Kandhamal : Churches must not allow Hindutva to pit Dalits against Adivasis
2018 marks ten years of the Kandhamal pogrom.
This world, in particular this country, through the decade, has only become worse in terms of morbid violence, religion being the basis of much of it. Pluralism is not allowed to exist, let alone flourish. The voice of dissent against violence and crimes is suppressed and intimidated in no time. Prime Minister Narendra Modi recently asked: why should I be blamed? As the diverse phalanxes of his supporters continues to grow, seeking justice for a minority atrocity given the complex manipulations of caste, class and tribe seems impossible. Yet, one overruling ideology – Hindutva – is behind these manipulations and Modi and his ilk are definitely to blame.
Kandhamal was a grave massacre. Some put the death toll at 31, others at more than 100; still others believe as many as 500 lives were lost — there is still much speculation surrounding it. My testimonial in this regard puts the number far ahead of all these figures. Kandhamal wasn’t a day’s episode. The massacre lasted for more than six months. In many ways, it continues till today as it has for decades before 2008.
The question is not how many were killed, raped and what the consequence of this violence was. Almost 300 churches were destroyed, yet it is never about the properties damaged and the loss endured. In the end, it is just about why there no justice.
The answer is complex. Violence erupts when properties of Dalit and Adivasi Christians are plundered. Who is behind this violence? It was provoked by some, executed by many, and furthered by still others. One of the most disturbing aspects was that Adivasis (Kandha, seen as Hindu) were pitted against Dalits (Pana, seen as Christian). The Hinduisation of the Kandhas over decades was used strategically as was the communalisation of their conflict with the Panas.
It is not well known that neither community is watertight in terms of these identities nor that both these communities were being used against each other by Hindutva outfits. The poorest Christians of both communities suffered the most, showing how class intersects with communal violence.
It is recorded that saffron propagandist Laxmanananda Saraswati, a self-proclaimed Swamiji, arrived in Kandhamal soon after Odisha passed an anti-conversion law. His endeavour was to make sure that Dalits and Adivasis never climbed the social ladder in terms of economic and social mobility.
Hence, he targeted three agencies — Christian mission centres, NGOs and Maoists — as the prime causes of this social, religious, economic and political elevation of Dalits and Adivasis.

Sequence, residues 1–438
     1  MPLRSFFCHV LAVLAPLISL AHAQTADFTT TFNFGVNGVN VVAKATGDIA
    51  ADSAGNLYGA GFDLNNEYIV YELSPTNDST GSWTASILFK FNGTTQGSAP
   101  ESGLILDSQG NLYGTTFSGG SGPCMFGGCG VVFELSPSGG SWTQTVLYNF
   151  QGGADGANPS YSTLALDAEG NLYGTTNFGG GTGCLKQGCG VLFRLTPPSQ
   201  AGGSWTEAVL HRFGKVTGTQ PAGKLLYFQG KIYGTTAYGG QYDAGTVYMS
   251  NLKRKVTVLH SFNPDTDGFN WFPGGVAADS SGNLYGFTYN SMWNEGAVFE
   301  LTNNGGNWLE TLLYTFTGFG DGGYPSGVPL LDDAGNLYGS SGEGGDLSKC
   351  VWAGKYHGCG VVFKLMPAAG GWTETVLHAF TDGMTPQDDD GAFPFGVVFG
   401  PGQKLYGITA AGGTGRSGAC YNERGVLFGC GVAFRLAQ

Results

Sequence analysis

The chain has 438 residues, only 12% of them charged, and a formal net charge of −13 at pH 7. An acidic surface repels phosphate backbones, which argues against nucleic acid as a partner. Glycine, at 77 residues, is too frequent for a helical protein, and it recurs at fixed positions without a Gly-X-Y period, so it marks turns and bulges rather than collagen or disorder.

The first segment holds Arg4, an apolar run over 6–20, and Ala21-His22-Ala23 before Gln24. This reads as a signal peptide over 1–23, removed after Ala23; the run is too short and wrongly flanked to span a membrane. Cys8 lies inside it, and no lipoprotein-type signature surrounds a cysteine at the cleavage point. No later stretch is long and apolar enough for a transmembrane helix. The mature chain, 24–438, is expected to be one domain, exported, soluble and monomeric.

The August 2008 pogrom’s prime target were Kandhamal’s Christians. Christian is seen as foreign, and anything foreign and related to blood and spirituality (Jesus’ death, blood, teachings and resurrection, all stick whips against the Hindu norm) is seen as polluted. And, so, they had to be vanquished. Swamiji started sowing seeds of hatred, provoked the local Hindus and strengthened their caste bias.
But the Christians were just a smokescreen. The story of political economy behind the façade of the anti-Christian violence — the lesser known truth — is that the so-called Swamiji’s movement also contributed to the emergence of several mining and other MNC projects that evacuated the natural habitat of the Dalits and tribals of the land, a process which Christian, NGO, and Maoist resistances were thorns. Swamiji’s interventions sought to denude all possibilities of growth and personal development of the Dalits and tribals but also destroy any resistance to global capitalism’s megalomaniac plans. That these MNCs are all foreign, many Christian, is not a problem at all, which shows Hindutva’s hypocrisies. Money knows no religion.
The violent Hindu fascist political alliances grouped together to finance and strengthen the hands of Swamiji’s coterie. This triggered the nerves of the militant rebel group. Yet, the Maoists claiming the murder of Swamiji as their handiwork never calmed the situation. It only furthered the violence because the so-called Hindu fringe groups projected these revolutionary Naxals as the friends of Christians but, more importantly, found unarmed and poor Christians – Dalit and Adivasi – much easier to attack.
The judiciary, systems of governance in this country are run by Brahminical ideologues. The footsoldiers who do the dirty work are several OBCs and, as we see in Kandhamal, even Dalits and Adivasis.
Gone are those days where one had to be a Brahmin to provoke such execution, today the country is ruled by the nexus of Brahmin judiciary, OBC goons and the Dalits and Adivasis pitted against each other by the overarching Hindutva parties.
This nexus is a phenomenon that researchers and the media have not examined.
The denial of justice, the imprisonment of seven innocents still languishing in jail (while thousands of official complaints have come to naught), loot and truncated and missing compensation all show the country’s concern for Dalits and Adivasis.
Meanwhile, the goons and political allies of the BJP, VHP etc are all walking free with impunity. This shows the hollowness of Indian democracy.
As part of the plans to commemorate the tenth anniversary of this dastardly event in history, many Churches in India, which have been more or less shamefully silent on this horror, must come together not only to memorialise the loss of so many lives but also to vow that such a crime, such pitting of the marginalised against one another and such a silence around violence will never be repeated.